11. La RouxTrouble in Paradise

La Roux is in a league all her own. There’s no other artist like her, or has the ability to partner a “choir boy” voice with sleek electronic sound. It makes a very different sound that’s enjoyable above all else. Trouble in Paradise showcases an 80s feel, from the album cover to the melodies. It makes me want to get acquainted with Miami Vice #MillenialHistoryLesson.

12. BanksGoddess

Like Lorde, Banks is amongst the ladies in music that are becoming the “anti-pop star.”  Banks had a slightly different trait in her music that set her apart from Lorde and other songstresses. That trait? Her music is much, much darker lyrically. Perfect example in her track “Goddess”: “You never got this / You put her down, you liked her hopeless / To walk around, feeling unnoticed.” That darker shadow in her music is ballsy, and it helps people really grasp their darker sides. Not to mention her voice is like velvet.

13. SpoonThey Want My Soul

Spoon’s most recent album wasn’t a push for a comeback, or even a step towards a “younger sound.” It was, in fact, a continuation of their signature step worthy music. I always can recognize Spoon by the lead singer’s voice, call me crazy, but I think his voice is so distinctive, and it cannot be copied. The raspiness lives on in their 2014 album, making it an immediate favorite.

14. Jack WhiteLazaretto

2014 was the year for Jack White, among other artists. We have learned so much about this man in one year, and it showed in his music, and his business Third Man Records. White has the opportunity to become a part of music history as he continues to preserve music history, and paying homage to old style rock, bluegrass, and folk. As a lot of musicians are moving forward towards more modern approaches to the art, White plants his feet right where he is, keeping the old style alive.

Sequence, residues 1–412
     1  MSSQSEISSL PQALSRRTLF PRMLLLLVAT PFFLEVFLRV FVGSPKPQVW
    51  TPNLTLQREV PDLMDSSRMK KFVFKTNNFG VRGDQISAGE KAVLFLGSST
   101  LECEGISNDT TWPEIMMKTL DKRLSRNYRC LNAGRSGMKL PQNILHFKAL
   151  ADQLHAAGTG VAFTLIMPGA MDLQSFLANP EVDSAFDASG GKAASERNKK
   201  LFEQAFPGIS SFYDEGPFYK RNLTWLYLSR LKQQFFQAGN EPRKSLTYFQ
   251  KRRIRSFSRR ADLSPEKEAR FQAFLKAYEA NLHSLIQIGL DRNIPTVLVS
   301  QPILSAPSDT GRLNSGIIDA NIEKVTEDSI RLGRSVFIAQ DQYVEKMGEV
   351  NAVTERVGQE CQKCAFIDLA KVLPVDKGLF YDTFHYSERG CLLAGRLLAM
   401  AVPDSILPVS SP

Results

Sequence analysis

Honorable Mentions: Sia1000 Forms of Fear; The Black KeysTurn Blue; and WeezerEverything Will Be Alright In The End

Fleetwood Mac at Phillips Arena Dec. 17

Photos by Chuck Holloway

Even an hour before the doors were scheduled to open, Atlanta’s massive Phillips Arena was already packed. Women in top hats and scarves were everywhere, members of the Stevie Nicks coven. A huge crowd surrounded the merch table, eagerly forking over $45-$50 for a single T-shirt. Any crowd this large is going to be loud, hundreds of people chattering at once, but there was a distinct buzz in this mob. Excitement, anticipation.

One gets only a few opportunities to see legendary bands, especially bands with members pushing seventy and known for internal strife. That’s why Fleetwood Mac’s “On With the Show” tour sold out Phillips Arena. Everyone wanted to see the classic lineup of Mick, Lindsey, Stevie, John and Christine, the lineup responsible for Rumors and Tusk, at least once.

The show was supposed to start at 8 p.m., but most of those in attendance didn’t find their seat and settle down until just before 8:30 p.m. when the lights finally started to dim. Nicks’ phoned-in performance of “Rhiannon” on last year’s season of “American Horror Story” may have left some fans apprehensive about the concert, and it’s even more surprising that Nicks gave a big shout out to the television show onstage considering her lackluster appearance. But any misgivings were quickly put to bed once the music started.